The biggest factor in their success in reducing neonatal mortality is the women empowering model followed by them. Just training the village’s women health workers to provide home-based newborn and childcare helped to reduce infant mortality from 121 for 1,000 live births to 30 within six years of its implementation. The key to the success of this intervention was to ensure women became partners and not merely passive recipients. This underlines the need for partnerships as innovators do not have the capacity for upscaling. The SEARCH experience has shown that women are the right partners for scaling up healthcare at the grassroots through Self-Help Groups and community-based organisations. SEARCH is at present working with 13,000 tribal people in 48 villages in Gadchiroli. Its HBNCC model, adopted by the Government for its National Health Mission, is also being used by 12 countries.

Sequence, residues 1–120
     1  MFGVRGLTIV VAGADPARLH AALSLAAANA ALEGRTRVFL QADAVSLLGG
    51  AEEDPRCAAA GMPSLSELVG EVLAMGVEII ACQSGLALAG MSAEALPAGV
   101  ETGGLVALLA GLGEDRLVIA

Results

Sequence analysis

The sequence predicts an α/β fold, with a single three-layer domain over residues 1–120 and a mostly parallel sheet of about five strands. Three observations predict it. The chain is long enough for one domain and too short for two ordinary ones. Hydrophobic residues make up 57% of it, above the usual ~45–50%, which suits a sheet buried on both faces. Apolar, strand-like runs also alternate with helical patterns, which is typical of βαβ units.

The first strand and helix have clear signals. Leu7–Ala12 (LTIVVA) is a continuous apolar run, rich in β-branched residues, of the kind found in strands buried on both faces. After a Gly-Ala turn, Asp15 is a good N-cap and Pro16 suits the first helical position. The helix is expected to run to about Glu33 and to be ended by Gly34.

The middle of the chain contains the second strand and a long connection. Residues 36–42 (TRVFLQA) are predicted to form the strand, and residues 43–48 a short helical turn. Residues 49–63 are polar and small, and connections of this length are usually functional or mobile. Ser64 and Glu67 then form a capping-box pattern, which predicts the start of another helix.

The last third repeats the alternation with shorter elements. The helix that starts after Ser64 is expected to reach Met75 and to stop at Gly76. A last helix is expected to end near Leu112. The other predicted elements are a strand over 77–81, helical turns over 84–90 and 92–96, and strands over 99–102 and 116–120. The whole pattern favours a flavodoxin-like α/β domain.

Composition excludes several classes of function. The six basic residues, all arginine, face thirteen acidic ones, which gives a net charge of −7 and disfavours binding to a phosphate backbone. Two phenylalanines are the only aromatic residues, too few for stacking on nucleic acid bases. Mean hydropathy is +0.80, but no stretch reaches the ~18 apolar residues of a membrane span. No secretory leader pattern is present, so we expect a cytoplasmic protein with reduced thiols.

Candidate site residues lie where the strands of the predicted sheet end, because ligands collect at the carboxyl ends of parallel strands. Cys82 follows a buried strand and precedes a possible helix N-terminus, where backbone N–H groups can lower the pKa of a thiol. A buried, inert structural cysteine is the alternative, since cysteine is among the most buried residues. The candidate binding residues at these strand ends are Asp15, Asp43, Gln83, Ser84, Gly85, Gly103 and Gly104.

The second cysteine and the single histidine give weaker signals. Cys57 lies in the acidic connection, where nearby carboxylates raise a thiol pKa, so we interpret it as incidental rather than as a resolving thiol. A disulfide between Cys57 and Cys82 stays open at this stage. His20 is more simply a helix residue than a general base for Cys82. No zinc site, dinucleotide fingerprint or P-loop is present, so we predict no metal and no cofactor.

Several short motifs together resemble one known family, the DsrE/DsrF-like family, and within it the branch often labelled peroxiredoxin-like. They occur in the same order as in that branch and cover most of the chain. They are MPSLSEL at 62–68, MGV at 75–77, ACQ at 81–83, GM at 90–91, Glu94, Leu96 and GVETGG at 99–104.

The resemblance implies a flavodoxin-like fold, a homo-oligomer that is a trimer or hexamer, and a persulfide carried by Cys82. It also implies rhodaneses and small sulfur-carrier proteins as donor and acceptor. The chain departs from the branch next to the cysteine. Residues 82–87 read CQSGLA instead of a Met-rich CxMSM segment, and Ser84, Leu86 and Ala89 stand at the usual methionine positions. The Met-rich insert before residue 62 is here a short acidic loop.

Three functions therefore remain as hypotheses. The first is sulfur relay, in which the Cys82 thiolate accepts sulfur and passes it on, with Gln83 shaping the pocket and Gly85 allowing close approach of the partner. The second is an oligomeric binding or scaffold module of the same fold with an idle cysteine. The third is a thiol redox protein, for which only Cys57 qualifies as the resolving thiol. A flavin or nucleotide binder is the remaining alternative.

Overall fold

This underscores not just the importance of engaging people and community-based organisations in health interventions but also shows how ensuring gender equality is paramount to its sustainability.
Equally important is the creation of social values by ending discrimination against girls. Besides, the infrastructure, the content and the process, too, have to be empowering for women. Clearly, the Gadchiroli model seems to have worked out how to adapt to local situations. It has been replicated in Bangladesh, Pakistan, Nepal and seven African countries.
The Karuna Trust model, too, is being used to address gaps in remote centres through innovations in telemedicine, health insurance, integration of mental health and has reached 1.3 million people.